In "To Kill a Mockingbird," why does the Radley place fascinate Scout, Jem and Dill?

Expert Answers

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Like most children, the Finch kids and Dill have fun with the fear of a possible ghost, haunted house, and daring one another in regards to both of those things.

The Radley Place is fascinating because the children have made it mysterious. One of the inhabitants is an apparition-like figure they've nicknamed "Boo." Boo is occasionally glimpsed through a window but none of the children have ever met him.

The children build the place up in their minds, convincing themselves that if Boo "catches" them, they will come to harm. (See Ch 4) The children heighten their fear, adding new details all the time to Boo's history. When Jem is dared, he tries to scare the others as much as he is scared by saying "I don't think he's still there. He died years ago and they stuffed him up the chimney."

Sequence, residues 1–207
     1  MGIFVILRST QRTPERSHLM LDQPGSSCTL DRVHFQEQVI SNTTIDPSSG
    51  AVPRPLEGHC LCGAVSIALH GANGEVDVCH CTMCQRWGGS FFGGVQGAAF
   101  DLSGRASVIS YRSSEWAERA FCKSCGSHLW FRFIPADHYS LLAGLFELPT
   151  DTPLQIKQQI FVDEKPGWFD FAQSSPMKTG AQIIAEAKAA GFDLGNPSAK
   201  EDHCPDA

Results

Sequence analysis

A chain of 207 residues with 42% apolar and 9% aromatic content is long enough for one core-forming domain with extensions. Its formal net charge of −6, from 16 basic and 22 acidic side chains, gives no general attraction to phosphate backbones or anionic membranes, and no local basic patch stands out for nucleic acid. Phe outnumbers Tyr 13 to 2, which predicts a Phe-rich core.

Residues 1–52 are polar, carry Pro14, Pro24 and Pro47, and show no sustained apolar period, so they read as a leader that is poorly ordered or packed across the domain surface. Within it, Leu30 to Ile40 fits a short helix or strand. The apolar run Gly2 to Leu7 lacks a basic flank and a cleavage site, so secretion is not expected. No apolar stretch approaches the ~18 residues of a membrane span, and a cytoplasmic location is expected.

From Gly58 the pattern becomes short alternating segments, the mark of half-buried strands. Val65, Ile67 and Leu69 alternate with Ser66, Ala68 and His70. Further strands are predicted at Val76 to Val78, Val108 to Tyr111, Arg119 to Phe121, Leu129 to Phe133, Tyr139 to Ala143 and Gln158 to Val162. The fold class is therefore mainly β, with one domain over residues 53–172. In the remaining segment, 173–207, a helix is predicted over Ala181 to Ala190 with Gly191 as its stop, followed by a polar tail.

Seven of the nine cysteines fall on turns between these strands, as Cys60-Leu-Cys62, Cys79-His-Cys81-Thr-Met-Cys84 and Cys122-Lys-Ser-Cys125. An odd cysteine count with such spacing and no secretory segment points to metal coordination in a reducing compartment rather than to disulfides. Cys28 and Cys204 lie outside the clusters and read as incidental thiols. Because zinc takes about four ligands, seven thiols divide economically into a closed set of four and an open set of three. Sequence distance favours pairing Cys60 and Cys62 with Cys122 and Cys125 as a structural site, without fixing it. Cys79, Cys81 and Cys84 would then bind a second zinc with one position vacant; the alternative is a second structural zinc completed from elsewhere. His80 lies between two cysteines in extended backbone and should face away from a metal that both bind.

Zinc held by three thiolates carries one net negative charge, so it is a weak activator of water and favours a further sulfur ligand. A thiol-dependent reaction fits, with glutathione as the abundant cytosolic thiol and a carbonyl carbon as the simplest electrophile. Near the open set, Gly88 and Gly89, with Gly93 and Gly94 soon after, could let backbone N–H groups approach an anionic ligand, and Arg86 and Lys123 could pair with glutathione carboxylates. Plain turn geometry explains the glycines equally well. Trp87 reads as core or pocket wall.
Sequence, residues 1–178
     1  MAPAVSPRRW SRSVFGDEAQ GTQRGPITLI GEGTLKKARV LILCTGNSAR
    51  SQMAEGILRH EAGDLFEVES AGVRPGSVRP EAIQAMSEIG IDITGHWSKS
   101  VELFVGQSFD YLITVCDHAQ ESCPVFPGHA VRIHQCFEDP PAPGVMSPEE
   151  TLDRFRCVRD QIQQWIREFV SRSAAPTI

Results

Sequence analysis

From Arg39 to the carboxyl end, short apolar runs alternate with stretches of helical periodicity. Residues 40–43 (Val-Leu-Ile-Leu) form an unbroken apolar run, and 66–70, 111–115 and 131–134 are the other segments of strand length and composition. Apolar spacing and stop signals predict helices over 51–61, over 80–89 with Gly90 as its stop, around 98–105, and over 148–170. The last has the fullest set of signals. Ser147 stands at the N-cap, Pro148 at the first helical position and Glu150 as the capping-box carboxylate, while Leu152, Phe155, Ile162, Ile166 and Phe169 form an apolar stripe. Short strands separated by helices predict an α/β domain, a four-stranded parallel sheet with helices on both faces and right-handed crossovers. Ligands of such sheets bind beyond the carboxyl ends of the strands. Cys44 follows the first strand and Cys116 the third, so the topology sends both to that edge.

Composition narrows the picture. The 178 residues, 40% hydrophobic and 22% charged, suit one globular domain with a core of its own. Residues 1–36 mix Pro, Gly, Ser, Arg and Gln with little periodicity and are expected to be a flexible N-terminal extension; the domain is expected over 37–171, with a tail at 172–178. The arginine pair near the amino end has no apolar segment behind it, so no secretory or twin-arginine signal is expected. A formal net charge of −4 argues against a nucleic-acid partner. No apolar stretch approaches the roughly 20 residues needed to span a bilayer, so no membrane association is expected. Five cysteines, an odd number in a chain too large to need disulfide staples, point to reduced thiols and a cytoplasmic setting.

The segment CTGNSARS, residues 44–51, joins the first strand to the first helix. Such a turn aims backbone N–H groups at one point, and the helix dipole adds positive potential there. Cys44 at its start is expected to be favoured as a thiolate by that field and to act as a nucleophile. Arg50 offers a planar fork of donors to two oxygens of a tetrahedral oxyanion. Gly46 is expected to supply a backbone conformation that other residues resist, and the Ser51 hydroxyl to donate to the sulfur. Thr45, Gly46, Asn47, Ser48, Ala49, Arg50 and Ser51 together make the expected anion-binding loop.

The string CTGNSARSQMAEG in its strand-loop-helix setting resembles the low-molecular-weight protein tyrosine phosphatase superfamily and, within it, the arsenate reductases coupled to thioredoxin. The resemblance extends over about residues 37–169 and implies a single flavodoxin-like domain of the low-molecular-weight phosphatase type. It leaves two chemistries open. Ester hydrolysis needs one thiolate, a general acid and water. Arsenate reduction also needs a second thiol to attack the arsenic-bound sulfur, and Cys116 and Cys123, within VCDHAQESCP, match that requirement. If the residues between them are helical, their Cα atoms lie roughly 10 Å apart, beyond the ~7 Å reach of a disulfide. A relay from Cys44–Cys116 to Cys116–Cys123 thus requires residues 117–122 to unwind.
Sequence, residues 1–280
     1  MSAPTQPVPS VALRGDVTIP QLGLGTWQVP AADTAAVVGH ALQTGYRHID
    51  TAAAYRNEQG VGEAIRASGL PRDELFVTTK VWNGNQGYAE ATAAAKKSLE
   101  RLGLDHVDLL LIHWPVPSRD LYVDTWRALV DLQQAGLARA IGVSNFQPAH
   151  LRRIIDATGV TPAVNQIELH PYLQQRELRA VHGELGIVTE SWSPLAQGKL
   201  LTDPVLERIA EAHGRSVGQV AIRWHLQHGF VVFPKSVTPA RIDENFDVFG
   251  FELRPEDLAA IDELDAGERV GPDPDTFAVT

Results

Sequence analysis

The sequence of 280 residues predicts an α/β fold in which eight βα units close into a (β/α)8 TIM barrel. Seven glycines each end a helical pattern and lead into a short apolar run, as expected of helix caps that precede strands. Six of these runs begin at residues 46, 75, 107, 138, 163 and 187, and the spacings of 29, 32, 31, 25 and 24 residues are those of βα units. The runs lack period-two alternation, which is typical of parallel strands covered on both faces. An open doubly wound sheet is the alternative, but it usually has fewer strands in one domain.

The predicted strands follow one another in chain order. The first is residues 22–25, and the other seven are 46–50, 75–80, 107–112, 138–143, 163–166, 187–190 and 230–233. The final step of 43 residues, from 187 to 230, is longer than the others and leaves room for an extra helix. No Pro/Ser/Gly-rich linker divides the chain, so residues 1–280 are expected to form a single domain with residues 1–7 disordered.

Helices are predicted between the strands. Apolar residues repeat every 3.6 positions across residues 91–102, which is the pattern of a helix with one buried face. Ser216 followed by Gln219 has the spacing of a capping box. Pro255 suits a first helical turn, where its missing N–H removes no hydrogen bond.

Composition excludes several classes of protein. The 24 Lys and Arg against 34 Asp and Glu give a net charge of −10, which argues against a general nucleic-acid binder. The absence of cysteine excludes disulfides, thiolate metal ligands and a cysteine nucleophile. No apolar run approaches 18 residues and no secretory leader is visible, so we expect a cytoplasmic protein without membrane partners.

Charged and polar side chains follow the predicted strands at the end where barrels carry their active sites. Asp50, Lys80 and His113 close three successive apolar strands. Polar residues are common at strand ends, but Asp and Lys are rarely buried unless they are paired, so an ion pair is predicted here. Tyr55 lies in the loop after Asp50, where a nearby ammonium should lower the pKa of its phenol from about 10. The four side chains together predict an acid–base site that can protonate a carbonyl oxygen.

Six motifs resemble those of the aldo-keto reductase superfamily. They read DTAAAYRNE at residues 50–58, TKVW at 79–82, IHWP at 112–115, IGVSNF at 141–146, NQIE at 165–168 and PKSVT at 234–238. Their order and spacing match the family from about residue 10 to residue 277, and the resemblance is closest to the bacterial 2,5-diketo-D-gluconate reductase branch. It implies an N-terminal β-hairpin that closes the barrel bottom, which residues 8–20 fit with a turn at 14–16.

Eventually the children learn that all they have concocted is not the least bit true. Fortunately, they have learned this important lesson as children. The adults complicit in the accusations, trial, and eventual death of Tom are not as enlightened.

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